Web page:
Anita Morton - Growing Gardens
Garlic and friends
Garlic (Allium sativum) is immensely valuable for cooking, but unfortunately our North Coast climate is not ideal for growing it. There are a few tricks that can help us to grow our own, hopefully to replace imported garlic. Ninety per cent of bulbs sold in Australia are imported!
Garlic needs cold to promote the formation of separate cloves. For this reason, we dont plant garlic in the early spring, but in the autumn. You will get better results if you buy your planting material now and put it in the crisper of the fridge for six weeks or so. Ignore the people who tell you that you need special untreated garlic for growing Ive never had a problem with supermarket garlic, which is much cheaper.
After the chilling period, plant out individual cloves 5cm deep in sandy, non-enriched soil that drains freely. Keep them well-watered through the winter and early spring, but let them dry off around October. The leaves will yellow and die back, signalling that its time to harvest.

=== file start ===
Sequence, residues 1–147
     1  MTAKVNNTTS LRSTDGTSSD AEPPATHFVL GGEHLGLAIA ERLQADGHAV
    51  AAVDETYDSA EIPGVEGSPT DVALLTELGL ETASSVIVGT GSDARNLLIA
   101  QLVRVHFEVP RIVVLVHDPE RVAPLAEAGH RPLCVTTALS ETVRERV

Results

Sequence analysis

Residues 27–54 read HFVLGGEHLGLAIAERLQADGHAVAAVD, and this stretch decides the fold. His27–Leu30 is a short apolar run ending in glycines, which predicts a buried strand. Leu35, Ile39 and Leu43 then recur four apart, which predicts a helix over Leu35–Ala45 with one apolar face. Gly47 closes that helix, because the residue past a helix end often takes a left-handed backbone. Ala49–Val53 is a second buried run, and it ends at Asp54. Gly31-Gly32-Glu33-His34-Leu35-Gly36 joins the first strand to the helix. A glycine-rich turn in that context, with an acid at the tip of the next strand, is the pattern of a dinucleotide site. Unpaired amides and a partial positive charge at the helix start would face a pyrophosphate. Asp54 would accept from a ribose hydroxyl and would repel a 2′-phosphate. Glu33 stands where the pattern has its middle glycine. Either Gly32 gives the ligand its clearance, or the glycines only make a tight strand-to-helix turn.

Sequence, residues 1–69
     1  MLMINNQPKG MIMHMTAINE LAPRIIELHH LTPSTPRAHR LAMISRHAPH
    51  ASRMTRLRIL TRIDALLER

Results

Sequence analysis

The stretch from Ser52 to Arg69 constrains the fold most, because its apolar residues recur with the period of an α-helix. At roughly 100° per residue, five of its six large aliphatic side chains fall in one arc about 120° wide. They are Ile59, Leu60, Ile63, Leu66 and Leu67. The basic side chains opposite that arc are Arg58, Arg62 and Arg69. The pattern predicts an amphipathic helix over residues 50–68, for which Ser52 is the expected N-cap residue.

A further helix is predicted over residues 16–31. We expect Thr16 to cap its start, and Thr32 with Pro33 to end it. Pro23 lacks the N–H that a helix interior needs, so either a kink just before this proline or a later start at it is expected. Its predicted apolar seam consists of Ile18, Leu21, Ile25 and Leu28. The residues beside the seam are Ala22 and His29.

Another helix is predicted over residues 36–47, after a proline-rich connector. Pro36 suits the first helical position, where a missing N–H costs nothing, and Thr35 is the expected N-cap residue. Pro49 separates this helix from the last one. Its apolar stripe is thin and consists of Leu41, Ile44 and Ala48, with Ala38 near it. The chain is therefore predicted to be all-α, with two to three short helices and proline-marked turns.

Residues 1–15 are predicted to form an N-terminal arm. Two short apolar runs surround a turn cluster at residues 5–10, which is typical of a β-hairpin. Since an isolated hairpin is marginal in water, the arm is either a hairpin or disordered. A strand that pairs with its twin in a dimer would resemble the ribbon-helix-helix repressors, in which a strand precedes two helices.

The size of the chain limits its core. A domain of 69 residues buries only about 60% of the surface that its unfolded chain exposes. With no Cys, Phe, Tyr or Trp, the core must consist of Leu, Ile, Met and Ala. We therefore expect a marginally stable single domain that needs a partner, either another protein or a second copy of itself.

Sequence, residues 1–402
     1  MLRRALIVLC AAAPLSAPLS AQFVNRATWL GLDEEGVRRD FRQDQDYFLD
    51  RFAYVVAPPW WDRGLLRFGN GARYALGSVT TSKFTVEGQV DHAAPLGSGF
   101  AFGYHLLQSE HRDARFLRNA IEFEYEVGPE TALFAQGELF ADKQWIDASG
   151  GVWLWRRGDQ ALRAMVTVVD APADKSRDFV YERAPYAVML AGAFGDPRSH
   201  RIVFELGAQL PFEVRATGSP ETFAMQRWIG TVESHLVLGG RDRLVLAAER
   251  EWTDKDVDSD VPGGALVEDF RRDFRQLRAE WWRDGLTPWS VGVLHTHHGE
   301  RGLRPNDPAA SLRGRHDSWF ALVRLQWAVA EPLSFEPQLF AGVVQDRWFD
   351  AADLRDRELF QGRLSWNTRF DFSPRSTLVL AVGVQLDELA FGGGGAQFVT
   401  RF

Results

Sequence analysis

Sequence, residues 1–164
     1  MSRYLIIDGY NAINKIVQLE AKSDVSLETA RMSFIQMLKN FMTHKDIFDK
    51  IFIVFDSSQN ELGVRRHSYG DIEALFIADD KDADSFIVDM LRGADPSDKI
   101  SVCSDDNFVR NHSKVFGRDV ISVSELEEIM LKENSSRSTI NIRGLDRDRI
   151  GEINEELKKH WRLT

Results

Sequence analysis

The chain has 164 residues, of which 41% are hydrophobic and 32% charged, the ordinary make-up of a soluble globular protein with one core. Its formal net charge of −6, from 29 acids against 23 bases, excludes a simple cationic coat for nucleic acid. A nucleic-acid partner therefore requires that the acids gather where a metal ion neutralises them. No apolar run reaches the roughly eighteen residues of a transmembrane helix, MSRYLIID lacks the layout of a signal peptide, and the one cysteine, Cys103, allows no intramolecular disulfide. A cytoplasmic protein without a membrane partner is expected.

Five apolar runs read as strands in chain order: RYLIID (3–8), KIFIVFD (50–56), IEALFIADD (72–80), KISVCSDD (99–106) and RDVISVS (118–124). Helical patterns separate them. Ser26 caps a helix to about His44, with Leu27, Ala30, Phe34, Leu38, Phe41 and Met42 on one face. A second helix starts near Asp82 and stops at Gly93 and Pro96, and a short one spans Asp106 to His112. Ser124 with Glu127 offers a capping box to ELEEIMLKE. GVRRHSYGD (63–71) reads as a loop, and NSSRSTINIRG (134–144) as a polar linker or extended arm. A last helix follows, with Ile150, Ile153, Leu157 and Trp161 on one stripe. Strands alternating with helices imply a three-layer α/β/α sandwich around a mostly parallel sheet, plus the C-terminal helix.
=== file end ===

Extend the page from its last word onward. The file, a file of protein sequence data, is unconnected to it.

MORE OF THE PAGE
The giant or Russian garlic is deservedly popular in our area. While more closely related to leeks than to true garlic, it does have a reasonable flavour and grows more willingly for us. Bulbs make a good baked vegetable (for garlic lovers!), but unfortunately they dont store very well.
Garlic chives are very handy for cooks, as well as being decorative. Divide established clumps now, or plant seed in spring. Society garlic (Tulbaghia sp) is unrelated to garlic chives, but has a similar flavour. Its easy to differentiate from the real thing by the pretty lilac flowers garlic chives have white ones. Society garlic is very hardy and decorative enough for the flower garden. Its only drawback is that the flavoursome leaves can be a little tough.